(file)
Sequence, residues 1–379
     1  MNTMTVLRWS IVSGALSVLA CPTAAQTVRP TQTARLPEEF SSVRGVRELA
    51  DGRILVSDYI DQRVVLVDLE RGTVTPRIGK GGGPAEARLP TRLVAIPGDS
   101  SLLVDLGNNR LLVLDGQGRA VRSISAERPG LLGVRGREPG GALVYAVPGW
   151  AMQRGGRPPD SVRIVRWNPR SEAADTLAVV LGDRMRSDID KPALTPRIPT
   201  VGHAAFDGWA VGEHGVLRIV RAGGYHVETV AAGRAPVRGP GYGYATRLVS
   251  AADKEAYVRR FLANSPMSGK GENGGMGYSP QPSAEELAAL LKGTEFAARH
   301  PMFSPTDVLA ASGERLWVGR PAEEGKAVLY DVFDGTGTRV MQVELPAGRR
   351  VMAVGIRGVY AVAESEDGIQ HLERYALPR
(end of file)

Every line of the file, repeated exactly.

Sequence, residues 1–379
     1  MNTMTVLRWS IVSGALSVLA CPTAAQTVRP TQTARLPEEF SSVRGVRELA
    51  DGRILVSDYI DQRVVLVDLE RGTVTPRIGK GGGPAEARLP TRLVAIPGDS
   101  SLLVDLGNNR LLVLDGQGRA VRSISAERPG LLGVRGREPG GALVYAVPGW
   151  AMQRGGRPPD SVRIVRWNPR SEAADTLAVV LGDRMRSDID KPALTPRIPT
   201  VGHAAFDGWA VGEHGVLRIV RAGGYHVETV AAGRAPVRGP GYGYATRLVS
   251  AADKEAYVRR FLANSPMSGK GENGGMGYSP QPSAEELAAL LKGTEFAARH
   301  PMFSPTDVLA ASGERLWVGR PAEEGKAVLY DVFDGTGTRV MQVELPAGRR
   351  VMAVGIRGVY AVAESEDGIQ HLERYALPR